HOUSTON -- The crowd knew it long before the game was over and before the votes had been cast. Each time Jeremy Peña stepped to the plate during Game 6 of the World Series on Saturday night at Minute Maid Park, the chants rung out.
“MVP! MVP! MVP!”
They were right. On the night Peña cranked out two more hits and scored a run in the Astros’ 4-1 championship clincher over the Phillies, the 25-year-old shortstop was indeed honored with the Willie Mays World Series MVP Award presented by Chevrolet, becoming the first rookie position player to claim it.
“This,” Peña said, “is special.”
So is he. The son of former Major League second baseman Geronimo Peña looked remarkably comfortable on the Series stage, going 10-for-25 with a homer and three RBIs while playing fantastic defense at short. His Game 5 homer off Noah Syndergaard was the first World Series home run by a rookie shortstop, and his sixth-inning single in Game 6 set up the three-run Yordan Alvarez homer that swung the game and clinched the Series.
It was a profound postseason run for Peña, who was also named the American League Championship Series MVP for his 6-for-17, two-homer, two-double performance against the Yankees. Peña became just the ninth player -- and the second rookie -- to be named LCS and World Series MVP in the same postseason, joining:
Willie Stargell, Pirates, 1979
Darrell Porter, Cardinals, 1982
Orel Hershiser, Dodgers, 1988
Livan Hernandez, Marlins, 1997*
Cole Hamels, Phillies, 2008
David Freese, Cardinals, 2011
Madison Bumgarner, Giants, 2014
Corey Seager, Dodgers, 2020
*Hernandez was also a rookie.
It was also Peña who had the base hits that preceded Alvarez’s epic blasts in the AL Division Series against the Mariners, during which Peña went 4-for-16 with a homer and a double. All told, Peña hit .345 in the playoffs.
So how does someone with so little MLB experience display such confidence and composure amid the game’s most demanding challenge?
“Man, where do I even start?” Peña said. “It has a lot to do with my family, my upbringing. Shout out to my teammates as well. They took me in since Day One. They gave me the confidence to just go out and play my game.”
In the outfield grass, in the midst of the post-Game 6 celebration at Minute Maid Park, Geronimo Peña, who never got the opportunity to appear in the postseason in a seven-season career with St. Louis and Cleveland, beamed with pride when asked about his son.
“He was amazing,” said the elder Peña, who was the leadoff hitter for the Cardinals in Dusty Baker’s first game as a manager with the Giants in 1993. “He has been growing so much, again and again, every day, growing. Every day he wanted to do something different, every day he wanted to go to the field. He’d say, ‘Let’s go, let’s go, let’s go!’ He has a blessing that God has given him. But he also wants to work.”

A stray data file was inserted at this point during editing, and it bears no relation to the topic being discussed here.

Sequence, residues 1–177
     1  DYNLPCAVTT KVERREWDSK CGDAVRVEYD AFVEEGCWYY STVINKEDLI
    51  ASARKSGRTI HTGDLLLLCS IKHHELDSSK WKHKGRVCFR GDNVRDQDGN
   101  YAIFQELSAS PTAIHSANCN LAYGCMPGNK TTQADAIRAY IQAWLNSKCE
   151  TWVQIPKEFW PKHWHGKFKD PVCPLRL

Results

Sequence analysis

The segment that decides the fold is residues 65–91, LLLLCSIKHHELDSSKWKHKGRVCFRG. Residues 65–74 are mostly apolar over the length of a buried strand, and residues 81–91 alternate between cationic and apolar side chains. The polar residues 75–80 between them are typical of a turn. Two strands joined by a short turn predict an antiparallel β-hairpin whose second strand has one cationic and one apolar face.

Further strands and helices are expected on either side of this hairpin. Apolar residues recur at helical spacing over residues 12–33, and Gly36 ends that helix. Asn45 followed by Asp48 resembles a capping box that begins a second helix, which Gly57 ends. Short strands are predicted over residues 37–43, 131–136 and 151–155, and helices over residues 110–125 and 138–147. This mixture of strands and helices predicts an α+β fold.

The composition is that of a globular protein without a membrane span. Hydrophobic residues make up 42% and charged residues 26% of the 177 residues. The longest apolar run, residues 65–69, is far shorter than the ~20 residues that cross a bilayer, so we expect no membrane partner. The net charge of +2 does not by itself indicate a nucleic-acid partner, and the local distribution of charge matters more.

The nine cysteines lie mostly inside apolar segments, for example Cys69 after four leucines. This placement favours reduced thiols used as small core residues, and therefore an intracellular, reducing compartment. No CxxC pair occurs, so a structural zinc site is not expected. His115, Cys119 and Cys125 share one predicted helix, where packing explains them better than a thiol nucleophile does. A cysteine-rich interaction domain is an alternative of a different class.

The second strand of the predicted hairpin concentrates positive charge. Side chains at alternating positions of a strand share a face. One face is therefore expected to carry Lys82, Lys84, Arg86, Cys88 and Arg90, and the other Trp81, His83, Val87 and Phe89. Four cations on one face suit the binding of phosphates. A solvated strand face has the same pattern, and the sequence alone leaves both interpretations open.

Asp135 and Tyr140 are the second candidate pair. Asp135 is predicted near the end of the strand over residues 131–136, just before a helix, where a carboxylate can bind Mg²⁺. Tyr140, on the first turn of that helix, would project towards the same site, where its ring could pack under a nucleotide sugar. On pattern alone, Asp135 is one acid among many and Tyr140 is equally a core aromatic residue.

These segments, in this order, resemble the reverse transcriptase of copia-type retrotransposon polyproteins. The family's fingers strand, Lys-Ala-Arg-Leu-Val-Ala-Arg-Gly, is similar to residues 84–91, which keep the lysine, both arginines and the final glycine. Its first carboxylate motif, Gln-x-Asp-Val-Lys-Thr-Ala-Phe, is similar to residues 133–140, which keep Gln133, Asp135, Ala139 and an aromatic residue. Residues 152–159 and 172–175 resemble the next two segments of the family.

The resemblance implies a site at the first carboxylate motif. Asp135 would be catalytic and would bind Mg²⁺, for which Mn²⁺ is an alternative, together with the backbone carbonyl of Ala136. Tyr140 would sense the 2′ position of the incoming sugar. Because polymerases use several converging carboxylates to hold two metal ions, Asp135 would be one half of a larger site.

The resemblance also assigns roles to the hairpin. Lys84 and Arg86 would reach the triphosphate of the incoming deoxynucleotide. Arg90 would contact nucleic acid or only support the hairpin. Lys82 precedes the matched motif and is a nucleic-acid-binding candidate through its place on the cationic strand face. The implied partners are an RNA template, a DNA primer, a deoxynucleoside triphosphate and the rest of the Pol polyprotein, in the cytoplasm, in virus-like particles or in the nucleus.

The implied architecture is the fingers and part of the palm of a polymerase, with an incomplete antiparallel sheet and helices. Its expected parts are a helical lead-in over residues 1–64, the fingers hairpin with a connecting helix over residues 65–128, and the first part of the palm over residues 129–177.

The epic October/November followed a 2022 regular season in which Peña had huge shoes to fill after Carlos Correa’s departure in free agency. With a solid .253 average, a .715 OPS and defense that made him the first rookie shortstop to win a Gold Glove, Peña more than answered the call.
Peña never let the size of that assignment overwhelm him.
“I'd say the hardest part was just blocking everything that's not part of the game,” Peña said. “There's a saying that you can't sink a ship with water around. It sinks if water gets inside. So I just try to stay strong and keep the water outside my head. Just keep playing my game, show up every single day, and just trust in my preparation.”
Peña’s unusual background had inspired one of the best quotes in the lead-up to this World Series.
“He's the only Dominican dude I know,” Baker said, “who went to the University of Maine.”
Now, he’s the first University of Maine product to win World Series MVP. And the kid who was born the same year (1997) that Baker took his first team to the postseason was a huge reason why Baker finally won his first World Series ring as a manager.
“I think about the guys on the taxi squad, because Peña was on the taxi squad this time last year,” Baker said. “I urge them all, you don’t know. You could be next year’s Peña, because you don’t know how close to stardom you are.”
At the conclusion of this World Series, there was no question about Peña’s status. In 2022, he replaced a star. And then he became one.